Had those at Red Bull held memories that went back further than their years of domination, they might well have remembered that the penultimate engine regulation change had left Renault floundering. And the one before that. If we recall, when the V8 engines were frozen back in 2007, it was Mercedes which proved to have the best unit while the other suppliers pleaded and were finally permitted to catch up. While Renault had been all conquering on the change from V10 to V8 for 2005 and 2006, it was under an engine freeze that the company struggled. As it does today.
Comments made by Cyril Abiteboul to the French press after Australia should leave Red Bull feeling chastened, as the Managing Director of Renault Sport F1 admitted that the power units used by Red Bull in Melbourne included components which had been rushed through against the advice and regular testing processes employed at Viry Chatillon. Abiteboul, far from admitting Mea Cupla, stood firmly in his employer’s corner and came out swinging. It was Red Bull which had ordered the rush. It was Red Bull which had insisted on running brand new parts. It was Red Bull which was the architect of its own downfall.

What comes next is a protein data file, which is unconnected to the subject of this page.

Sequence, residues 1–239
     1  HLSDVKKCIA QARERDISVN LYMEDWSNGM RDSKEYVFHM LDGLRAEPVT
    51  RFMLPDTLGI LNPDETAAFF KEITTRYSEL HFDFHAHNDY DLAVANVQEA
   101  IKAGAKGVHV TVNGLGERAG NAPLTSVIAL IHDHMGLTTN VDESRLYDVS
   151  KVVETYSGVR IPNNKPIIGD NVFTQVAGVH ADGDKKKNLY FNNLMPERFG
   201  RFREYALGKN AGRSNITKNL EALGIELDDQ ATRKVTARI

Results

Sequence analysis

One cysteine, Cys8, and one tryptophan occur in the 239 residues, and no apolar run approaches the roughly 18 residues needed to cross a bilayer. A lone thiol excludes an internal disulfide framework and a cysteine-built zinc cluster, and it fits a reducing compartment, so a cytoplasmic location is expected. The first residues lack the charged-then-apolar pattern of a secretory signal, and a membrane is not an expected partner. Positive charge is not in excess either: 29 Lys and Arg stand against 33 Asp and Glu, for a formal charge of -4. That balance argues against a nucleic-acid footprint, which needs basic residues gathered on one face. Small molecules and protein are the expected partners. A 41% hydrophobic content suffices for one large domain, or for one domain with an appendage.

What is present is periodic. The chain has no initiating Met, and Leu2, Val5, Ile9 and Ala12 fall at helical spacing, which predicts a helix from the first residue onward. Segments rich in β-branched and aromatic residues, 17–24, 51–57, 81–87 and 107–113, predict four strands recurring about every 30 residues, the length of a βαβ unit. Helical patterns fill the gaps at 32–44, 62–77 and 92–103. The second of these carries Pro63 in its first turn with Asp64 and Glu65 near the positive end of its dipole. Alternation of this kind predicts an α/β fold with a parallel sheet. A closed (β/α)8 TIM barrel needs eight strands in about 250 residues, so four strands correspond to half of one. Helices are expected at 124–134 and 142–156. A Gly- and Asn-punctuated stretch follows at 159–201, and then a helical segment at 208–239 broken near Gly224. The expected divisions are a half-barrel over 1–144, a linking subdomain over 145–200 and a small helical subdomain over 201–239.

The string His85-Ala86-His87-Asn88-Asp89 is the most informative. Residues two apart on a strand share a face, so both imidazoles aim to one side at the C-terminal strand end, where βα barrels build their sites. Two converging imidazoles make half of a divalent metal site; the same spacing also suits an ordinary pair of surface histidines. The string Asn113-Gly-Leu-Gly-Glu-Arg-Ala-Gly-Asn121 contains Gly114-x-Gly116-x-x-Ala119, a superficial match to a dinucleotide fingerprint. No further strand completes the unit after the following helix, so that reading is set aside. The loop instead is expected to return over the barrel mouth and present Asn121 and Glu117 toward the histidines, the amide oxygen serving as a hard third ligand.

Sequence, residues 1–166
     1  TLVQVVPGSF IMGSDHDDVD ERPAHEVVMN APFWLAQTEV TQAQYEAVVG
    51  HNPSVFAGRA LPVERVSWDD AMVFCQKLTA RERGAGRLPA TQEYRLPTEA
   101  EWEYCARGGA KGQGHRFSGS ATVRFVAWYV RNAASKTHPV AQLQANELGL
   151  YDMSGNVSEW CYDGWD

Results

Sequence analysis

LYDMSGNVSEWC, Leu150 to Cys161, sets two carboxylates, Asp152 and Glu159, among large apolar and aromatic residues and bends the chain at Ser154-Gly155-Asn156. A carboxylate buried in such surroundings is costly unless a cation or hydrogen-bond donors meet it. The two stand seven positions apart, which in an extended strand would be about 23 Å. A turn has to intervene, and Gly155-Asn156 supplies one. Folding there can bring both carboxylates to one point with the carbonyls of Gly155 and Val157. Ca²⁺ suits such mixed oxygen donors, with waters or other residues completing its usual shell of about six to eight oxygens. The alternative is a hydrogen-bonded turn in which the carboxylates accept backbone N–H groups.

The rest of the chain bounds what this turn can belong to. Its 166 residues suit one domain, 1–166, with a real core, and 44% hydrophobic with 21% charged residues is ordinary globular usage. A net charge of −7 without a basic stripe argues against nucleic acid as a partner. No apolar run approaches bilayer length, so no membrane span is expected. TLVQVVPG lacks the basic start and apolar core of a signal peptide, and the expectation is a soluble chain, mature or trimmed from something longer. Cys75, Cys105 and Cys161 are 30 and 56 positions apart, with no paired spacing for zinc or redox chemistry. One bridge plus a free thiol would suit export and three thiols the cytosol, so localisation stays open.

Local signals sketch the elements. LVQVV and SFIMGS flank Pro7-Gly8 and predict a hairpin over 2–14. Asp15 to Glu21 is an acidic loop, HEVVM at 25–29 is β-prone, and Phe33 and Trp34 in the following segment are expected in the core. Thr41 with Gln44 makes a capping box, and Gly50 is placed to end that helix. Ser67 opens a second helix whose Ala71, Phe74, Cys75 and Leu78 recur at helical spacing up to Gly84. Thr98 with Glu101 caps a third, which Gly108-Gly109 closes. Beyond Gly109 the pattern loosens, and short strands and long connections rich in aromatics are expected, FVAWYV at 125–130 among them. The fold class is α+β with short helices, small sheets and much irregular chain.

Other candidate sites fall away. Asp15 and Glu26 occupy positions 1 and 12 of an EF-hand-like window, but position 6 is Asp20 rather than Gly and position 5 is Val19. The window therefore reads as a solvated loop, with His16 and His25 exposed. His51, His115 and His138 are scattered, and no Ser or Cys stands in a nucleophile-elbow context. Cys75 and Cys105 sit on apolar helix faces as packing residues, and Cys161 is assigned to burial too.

But the headlines remain, and the negativity sticks. Despite Christian Horner’s own pleas that the sport cease from airing its dirty laundry in public, it was he and Red Bull’s motorsport advisor Helmut Marko who made the loudest noises in the aftermath of the race that the formula was broken and that, if things didn’t change, Red Bull would consider quitting.
It’s a stunt Luca di Montezemolo used to employ at Ferrari. When things aren’t going your way, threaten to pull the most storied brand in the sport out of competition, and you’ll get your way. Only di Montezemolo stopped getting his way. And then he stopped getting the support of his bosses. And then he got replaced.